Saturday, July 4, 2009

Getting What You Want or Wanting What You Get

Kristi's post yesterday reminded me of lots of things from my own life. She and I are so much alike, only I'm about 15 years further down the road.

When I was in my mid twenties, I made a stab at L.A. and the film industry in my own way. I started a masters' degree in writing at the University of Southern California with a view toward becoming a screen writer. I might have been a flop at most things in life but had always done well academically, so I thought if there was a way to break into the industry through school, that would definitely be the way to go.

The classes were taught by successful screen writers and novelists and playwrights, so I pictured scenarios in which I wrote such amazing works for my class assignments that I would be discovered and catapulted to success. And I would live happily ever after in the world of film and make-believe.

A couple of days after I started the courses, I saw a bulletin board post that Burt Lancaster's production company was looking for interns from my writing program. I applied and immediately got the position. I wasn't particularly surprised. All was going exactly as I expected. My first step on that rung to happiness.

I discovered a curious thing. You can get exactly what you hoped for, and yet it can feel totally different. In the internship, I worked with only one man from the production company. Never did meet Burt or any celebrities. My supervisor was tactless and critical and strangely enough, never did gasp in amazement at my astounding talent. I'd go see him once a week to pick up assignments, and I discovered that visiting the production company was like visiting any other office of any other business. I remember, even after my first visit for the internship, having a let-down feeling and thinking, "This doesn't feel like I thought it would."

One of my courses at USC was taught by a cantankerous old novelist/playwright. He talked a lot about persevering and life and getting through the long haul--most of which was lost at the time on my 24-year-old brain. Still, I remember more of his advice and asides than just about anything from the program, so I guess it made some impression. One thing he said was that success in writing was more about perseverance than talent. Lots of talented people, he said, give up because it's too hard. And there are folks with minimal talent who put themselves out there and somehow find just the right niche. He summed it up by saying, "If you want to be a published writer, you can be that. But don't depend on it to make you happy, because it won't."

Is this an American thing, I wonder--because we watch so many movies and read so much fiction that our expectations are horribly skewed? I always think that feel-good stories are wonderful things and really help ease life's burdens, but sometimes I wonder. Can those innocent stories cause harm by setting us up for disappointment? I know that during my first serious romantic relationship--which lasted for about three years and which I was sure would end in marriage, but didn't--I would catch myself feeling let-down. Again, the real thing just didn't seem to be quite what I expected.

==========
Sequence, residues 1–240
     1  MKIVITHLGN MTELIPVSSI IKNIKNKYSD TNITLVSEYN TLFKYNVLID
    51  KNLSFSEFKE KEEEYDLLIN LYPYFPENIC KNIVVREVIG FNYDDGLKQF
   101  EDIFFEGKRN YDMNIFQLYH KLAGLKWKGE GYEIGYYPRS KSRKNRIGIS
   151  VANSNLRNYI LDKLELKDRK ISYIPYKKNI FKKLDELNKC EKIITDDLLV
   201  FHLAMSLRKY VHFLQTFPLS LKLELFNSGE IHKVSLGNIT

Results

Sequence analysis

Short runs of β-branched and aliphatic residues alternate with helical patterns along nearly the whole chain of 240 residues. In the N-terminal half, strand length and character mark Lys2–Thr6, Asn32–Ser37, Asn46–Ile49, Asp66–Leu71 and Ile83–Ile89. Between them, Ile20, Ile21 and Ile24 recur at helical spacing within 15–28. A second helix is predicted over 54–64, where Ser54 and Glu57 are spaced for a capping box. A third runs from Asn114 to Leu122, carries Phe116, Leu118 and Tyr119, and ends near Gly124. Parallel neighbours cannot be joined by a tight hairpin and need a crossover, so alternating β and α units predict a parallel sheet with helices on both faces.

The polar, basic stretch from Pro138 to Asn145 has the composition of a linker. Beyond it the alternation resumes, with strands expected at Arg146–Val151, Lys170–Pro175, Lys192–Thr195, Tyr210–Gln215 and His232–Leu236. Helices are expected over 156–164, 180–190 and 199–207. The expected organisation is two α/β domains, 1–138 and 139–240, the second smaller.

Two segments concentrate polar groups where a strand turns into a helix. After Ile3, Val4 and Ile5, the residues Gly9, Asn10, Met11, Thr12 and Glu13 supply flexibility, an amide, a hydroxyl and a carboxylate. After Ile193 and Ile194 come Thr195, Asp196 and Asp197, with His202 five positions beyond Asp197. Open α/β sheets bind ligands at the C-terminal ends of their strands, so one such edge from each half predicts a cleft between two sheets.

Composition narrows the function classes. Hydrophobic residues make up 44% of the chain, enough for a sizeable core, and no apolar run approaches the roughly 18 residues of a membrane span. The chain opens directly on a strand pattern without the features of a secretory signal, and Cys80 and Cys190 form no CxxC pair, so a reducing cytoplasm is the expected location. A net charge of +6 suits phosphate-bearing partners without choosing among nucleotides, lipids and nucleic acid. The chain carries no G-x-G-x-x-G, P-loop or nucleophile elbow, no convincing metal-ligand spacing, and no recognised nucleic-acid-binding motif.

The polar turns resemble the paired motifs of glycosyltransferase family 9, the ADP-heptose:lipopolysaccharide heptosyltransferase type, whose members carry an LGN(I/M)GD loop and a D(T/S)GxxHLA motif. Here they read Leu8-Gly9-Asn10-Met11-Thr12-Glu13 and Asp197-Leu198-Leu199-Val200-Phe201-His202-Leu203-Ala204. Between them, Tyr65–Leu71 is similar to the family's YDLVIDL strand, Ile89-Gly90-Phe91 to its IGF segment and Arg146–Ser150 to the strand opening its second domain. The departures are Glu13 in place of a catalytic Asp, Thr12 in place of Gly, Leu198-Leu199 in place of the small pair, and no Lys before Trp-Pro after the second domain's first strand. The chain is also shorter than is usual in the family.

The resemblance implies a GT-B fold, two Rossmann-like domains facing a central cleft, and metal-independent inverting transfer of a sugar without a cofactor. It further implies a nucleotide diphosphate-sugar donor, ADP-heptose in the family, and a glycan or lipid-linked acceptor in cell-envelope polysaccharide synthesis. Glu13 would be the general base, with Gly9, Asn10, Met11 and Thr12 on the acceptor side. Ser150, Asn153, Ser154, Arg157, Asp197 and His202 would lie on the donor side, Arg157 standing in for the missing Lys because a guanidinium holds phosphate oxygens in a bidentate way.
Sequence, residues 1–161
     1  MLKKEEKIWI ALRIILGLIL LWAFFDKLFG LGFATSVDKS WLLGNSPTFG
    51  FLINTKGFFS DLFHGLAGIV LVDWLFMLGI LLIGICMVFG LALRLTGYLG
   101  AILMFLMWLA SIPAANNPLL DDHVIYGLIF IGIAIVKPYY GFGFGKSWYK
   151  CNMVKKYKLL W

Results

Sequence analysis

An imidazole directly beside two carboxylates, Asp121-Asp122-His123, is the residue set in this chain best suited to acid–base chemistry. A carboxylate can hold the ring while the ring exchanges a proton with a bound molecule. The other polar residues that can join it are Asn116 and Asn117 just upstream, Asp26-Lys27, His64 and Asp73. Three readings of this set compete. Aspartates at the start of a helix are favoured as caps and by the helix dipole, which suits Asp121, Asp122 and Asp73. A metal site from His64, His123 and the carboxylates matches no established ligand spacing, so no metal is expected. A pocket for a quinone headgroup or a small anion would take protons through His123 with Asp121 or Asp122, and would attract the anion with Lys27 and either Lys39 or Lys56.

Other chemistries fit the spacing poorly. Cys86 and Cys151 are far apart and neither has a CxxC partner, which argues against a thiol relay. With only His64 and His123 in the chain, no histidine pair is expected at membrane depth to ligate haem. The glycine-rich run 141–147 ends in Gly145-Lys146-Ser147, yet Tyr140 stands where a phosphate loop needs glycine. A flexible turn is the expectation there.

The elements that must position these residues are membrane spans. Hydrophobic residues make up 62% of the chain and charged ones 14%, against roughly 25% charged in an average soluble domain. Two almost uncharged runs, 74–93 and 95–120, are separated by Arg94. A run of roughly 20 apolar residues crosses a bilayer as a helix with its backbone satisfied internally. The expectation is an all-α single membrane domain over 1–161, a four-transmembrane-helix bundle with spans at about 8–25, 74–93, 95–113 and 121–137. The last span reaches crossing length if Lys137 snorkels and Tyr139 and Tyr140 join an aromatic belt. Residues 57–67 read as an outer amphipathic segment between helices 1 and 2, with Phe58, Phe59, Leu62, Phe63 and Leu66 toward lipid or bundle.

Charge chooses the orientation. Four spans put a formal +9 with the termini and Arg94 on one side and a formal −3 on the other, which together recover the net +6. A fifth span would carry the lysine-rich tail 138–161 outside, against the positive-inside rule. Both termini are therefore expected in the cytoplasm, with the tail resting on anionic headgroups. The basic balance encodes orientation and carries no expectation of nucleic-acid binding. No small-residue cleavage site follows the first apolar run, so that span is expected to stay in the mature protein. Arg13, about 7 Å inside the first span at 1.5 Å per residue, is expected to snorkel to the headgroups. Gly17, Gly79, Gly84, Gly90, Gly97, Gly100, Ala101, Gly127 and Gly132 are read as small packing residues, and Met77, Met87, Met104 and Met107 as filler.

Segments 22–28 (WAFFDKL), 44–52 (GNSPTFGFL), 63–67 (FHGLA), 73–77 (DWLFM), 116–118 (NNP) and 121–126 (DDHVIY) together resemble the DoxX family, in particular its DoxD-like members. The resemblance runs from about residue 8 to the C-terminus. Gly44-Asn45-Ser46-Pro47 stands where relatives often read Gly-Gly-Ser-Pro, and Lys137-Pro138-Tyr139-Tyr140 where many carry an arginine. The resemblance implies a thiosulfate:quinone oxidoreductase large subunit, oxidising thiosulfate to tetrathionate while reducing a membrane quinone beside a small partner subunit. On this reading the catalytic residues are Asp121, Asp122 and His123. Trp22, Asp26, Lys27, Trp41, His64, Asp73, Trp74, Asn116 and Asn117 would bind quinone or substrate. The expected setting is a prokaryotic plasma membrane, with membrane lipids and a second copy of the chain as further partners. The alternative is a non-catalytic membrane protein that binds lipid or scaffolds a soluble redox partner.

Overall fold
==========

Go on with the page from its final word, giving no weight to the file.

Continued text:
Fifteen years down the road from Kristi, I'm far more content than I was. Partly because I've adjusted my expectations. I don't really expect life to go as smoothly or to satisfy. That sounds depressing, but it's really not. I love getting lost in stories and embracing them for what they are, and I'm so grateful for the small pleasures in life. After seeing what a struggle life is, I'm grateful for a good husband, for days when health is good and my family is happy.

As I commented on Kristi's post, I think this is a struggle that we all go through to some degree. The bad thing is when people don't recognize it for what it is--when they continue to think that the ultimate goal of life is to be happy with their earthly circumstances. Or that marriage and romance will make them giddy like it does in the movies. Or the right job or house or whatever will do the trick. So when they face the reality of plain old life, they figure something's wrong with that mate or that house or that job, and if they just change the circumstance, then they'll be happy again. At least if we start with the premise that that's a false notion, we know what to work on.

Step two is to shift our focus to the eternal and the absolute, never-fail, never-disappointing joy that awaits us there.

I'm getting better at step one. Step two is still really hard for me. But I'm working on it.


  1. I have to quote something from Lonesome Dove here. I won't quote the entire section, because it's not all appropriate for our blog, but it is really neat that it all fits in together so nicely!

    "I don't like buttermilk," Lorena said.

    "Yes, that's your problem," he (Augustus) said. "You don't like buttermilk, or nothing else. You're like a starving person whose stomach is shrunk up from not having any food. You're shrunk up from not wanting nothing."

    "I want to get to San Fransisco," Lorena said.

    "Life in San Fransisco is still just life. If you want one thing too much it's likely to be a disappointment. The healthy way is to learn to like the everyday things, like soft beds and buttermilk- and feisty gentlemen."

  2. I think it gets easier for me to keep the eternal in mind as I get older. Your post is well-spoken and so true, and Kristi's example here is perfect. :-)